Fidel, a Man of Culture

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Fidel, a Man of Culture
Fecha de publicación: 
13 August 2020
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Much has been said about Fidel Castro’s universality. Among many other things, Fidel loved art and literature, especially the role both played within the new society he helped to build.

A phrase coined in the early years of the triumphal Revolution may throw some light on his interest: The Revolution didn’t ask people to believe, the Revolution asked them to read.

When Fidel Castro said, in the darkest hours, that culture was the sword and shield of the nation, some failed to fully understand such statement.

How could culture be more important than weapons?

Fidel echoed Martí’s words: “Trenches of ideas are worth more than trenches of stones.”

And without identity (culture), there is no possible freedom.

Fidel was the driving force behind the cultural revolution of Cuba, a revolution within the Revolution: The Literacy Campaign.

It was a heroic deed achieved by the Cuban people. In less than a year (January-December, 1961) nearly one million citizens learned how to read and write.

Fidel Castro was the leader and the mastermind.

That was the first and most important step to face a bigger challenge: to make art and literature available for all, not just a few.

And he was certain this right would open up a world of possibilities for all.

It was not mere coincidence that the first book in the emerging editorial industry in Cuba was the biggest classic of Spanish language: Cervantes’ Don Quixote de la Mancha.

He was a passionate reader. Fidel always believed in the emancipating nature of literature.

The International Book Fairs, spread all over the nation at his request, were a dream come true.

A fortress, that of San Carlos de la Cabaña, full of books and readers, millions of books at the disposal of individuals.

He himself was several times the main keynote speaker in many of the International Book Fairs’ opening ceremonies, conceived as authentic cultural celebration.

Revolution means Culture

In the famous speech Palabras a los intelectuales (Words to the Intellectuals, June 1961) Fidel set the basis for the future cultural policy of the Revolution.

That speech gave rise to multiple discussions, diverse interpretation and some incorrect implementation.

But it was a pivotal speech: Cuban culture had never played such an important role before with direct incidence on the public and political life of the nation.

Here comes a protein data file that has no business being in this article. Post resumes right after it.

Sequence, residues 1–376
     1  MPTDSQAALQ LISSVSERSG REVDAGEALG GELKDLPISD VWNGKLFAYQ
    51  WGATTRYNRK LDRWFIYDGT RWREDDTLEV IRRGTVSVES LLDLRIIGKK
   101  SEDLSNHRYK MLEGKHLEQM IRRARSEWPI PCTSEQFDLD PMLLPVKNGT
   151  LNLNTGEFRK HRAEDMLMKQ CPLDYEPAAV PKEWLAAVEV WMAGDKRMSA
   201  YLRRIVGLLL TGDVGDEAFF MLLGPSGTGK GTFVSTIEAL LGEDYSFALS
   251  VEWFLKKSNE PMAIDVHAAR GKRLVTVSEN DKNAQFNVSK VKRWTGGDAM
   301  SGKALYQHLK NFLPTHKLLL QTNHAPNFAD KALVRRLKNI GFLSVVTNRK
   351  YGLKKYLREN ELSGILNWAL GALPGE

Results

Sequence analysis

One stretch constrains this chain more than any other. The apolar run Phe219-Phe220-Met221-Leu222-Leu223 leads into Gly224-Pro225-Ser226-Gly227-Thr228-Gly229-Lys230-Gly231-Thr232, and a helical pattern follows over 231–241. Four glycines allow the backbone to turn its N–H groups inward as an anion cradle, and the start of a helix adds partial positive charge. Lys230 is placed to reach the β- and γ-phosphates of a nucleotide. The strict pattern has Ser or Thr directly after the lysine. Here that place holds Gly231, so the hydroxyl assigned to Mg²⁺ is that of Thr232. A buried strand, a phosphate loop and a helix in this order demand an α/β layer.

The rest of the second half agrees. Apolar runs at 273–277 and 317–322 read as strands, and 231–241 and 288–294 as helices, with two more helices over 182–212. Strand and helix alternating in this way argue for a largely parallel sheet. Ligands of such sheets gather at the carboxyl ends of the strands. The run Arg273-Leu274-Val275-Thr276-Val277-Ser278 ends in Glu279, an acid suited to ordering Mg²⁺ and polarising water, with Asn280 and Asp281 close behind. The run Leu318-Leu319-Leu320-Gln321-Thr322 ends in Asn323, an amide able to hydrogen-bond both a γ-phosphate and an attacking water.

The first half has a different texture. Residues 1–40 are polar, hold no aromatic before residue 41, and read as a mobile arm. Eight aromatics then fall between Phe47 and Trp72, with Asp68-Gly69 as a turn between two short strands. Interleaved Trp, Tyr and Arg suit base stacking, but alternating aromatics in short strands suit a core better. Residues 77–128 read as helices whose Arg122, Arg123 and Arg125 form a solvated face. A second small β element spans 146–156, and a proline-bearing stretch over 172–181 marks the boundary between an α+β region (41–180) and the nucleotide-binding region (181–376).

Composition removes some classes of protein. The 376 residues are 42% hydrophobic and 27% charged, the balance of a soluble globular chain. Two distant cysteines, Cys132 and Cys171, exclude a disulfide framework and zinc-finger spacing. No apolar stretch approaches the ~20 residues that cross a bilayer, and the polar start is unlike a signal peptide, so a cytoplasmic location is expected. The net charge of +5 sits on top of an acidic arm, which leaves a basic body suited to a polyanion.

Fidel had the conviction that all revolutionary processes must be accompanied by a cultural process.

He embraced culture, of course, in its broadest sense; but art and literature had a privileged position in the emerging nation.

It is not coincidence that Fidel Castro’s image and legacy were closely related to the foundation of very important Cuban institutions.

It was Fidel who backed Alicia and Fernando Alonso to refound the Cuban National Ballet, one of the most important ambassadors of the Cuban Revolution.

No one would imagine that such a small island in the Caribbean could treasure one of the greatest ballet companies worldwide.

The leader of the Cuban Revolution also left a deep trace in the Cuban cinema since its early years.

Close friend of Alfredo Guevara, both envisioned an industry that could guarantee the promotion of a new cinema: new subjects and approaches, better aesthetic power, a determined moral commitment…

But perhaps Fidel Castro’s greatest contribution to the Cuban culture was the creation of an art education system, which still remains —decades later— as reference in the Latin American context.

Fidel contributed that children born in remote areas became renowned artists worldwide (musicians, painters, dancers…)

There were contradictions and errors in the implementation of that cultural policy, but Fidel always looked farther.

Not an artist, he was sensible enough and gave full and due support to channel the vast cultural heritage of the nation.

There were great artists and writers before and after Fidel Castro. But his dream (that of many of us as well) was to provide every Cuban with access to this asset.

Today, it is more than just a dream.

Translated by Sergio A. Paneque Díaz / CubaSí Translation Staff

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